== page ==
Rather, today's reports were a deliberate effort by the Seattle Seahawks to quell resurgent rumors that Thomas is, in fact, not human.
Field Gulls was the first to report that Thomas was suspected of being an extraterrestrial back in the 2013-14 season, citing numerous leaked government interviews and photographs.
Those documents included information about Thomas' supernatural speed and dexterity, and Area 29, the section of the field that Thomas patrols on defense — where numerous passes and offensive players have vanished during his career.
Rumblings about Thomas' otherworldly origins resurfaced this past year during the NFL playoffs. No. 29 injured his shoulder in the first half of the NFC Championship game against the Green Bay Packers.
But when Thomas returned after halftime and leveled Green Bay's Eddie Lacy with the same shoulder he had hurt, the nation's community of alien researchers perked up once again.
That Thomas subsequently played in the Super Bowl weeks later aroused even more suspicion.
"Listen, I'm as skeptical as they come," said an unnamed scientist at NASA's SETI Research Division, responsible for conducting the nation's ongoing search for extraterrestrial lifeforms. "But how does a human being make a play like that, right after suffering an injury that's supposed to take eight months to recover from, and then play in the Super Bowl afterward?"
"He doesn't," said the source, scoffing. "Not if he was born on the third planet of our solar system."
That planet is Earth.
The most damning evidence about Thomas was provided by another anonymous source: an X-Ray of Thomas' shoulder, taken earlier in the summer at the University of Texas, Austin.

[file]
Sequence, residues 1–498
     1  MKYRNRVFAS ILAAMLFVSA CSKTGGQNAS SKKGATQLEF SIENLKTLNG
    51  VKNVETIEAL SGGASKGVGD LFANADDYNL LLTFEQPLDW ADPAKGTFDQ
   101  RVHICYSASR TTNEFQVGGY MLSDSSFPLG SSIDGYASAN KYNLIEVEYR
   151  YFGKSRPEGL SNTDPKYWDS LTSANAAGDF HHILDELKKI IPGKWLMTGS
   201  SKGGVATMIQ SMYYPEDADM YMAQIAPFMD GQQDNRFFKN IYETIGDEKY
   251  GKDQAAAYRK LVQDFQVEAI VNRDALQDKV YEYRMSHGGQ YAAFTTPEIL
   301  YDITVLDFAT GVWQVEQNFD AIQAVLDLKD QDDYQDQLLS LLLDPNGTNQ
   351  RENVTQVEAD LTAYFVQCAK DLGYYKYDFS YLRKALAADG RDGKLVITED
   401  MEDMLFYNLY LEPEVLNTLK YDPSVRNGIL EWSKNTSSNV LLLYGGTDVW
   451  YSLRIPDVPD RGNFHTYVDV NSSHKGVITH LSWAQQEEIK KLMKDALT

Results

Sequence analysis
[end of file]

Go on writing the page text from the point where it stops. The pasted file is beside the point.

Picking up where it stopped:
The source, a radiologist at the hospital, confirmed she had never seen anything like it over her decade-long career.
"There was a talon-like extension in Thomas' shoulder," she said, "and it appeared to be retractable. What the **** is that?"
A copy of that X-Ray was obtained by Field Gulls. Don't ask us about HIPAA.
Residents of Orange, Texas — Thomas' hometown and offseason residence — reportedly witnessed Thomas training all summer long, saying that he appeared 100 percent healthy as early as March.
By June, Thomas was participating in what one person described as "personal Ironmans," literally running his own triathlons in the hundred-plus degree Texas heat.
"You ever seen the Ironman?" asked the Orange native, who wished to remain anonymous, primarily to ensure he would still be invited to town events hosted by Thomas. "Someone swims 2.2 miles, bike another 112, and then runs 26.2 after that. That's what Earl's been doing every couple days. In just about 90 minutes. Maybe less."
Asked if he thought Thomas was human, the man laughed.
"Shoot," he said, "how could a man do that?"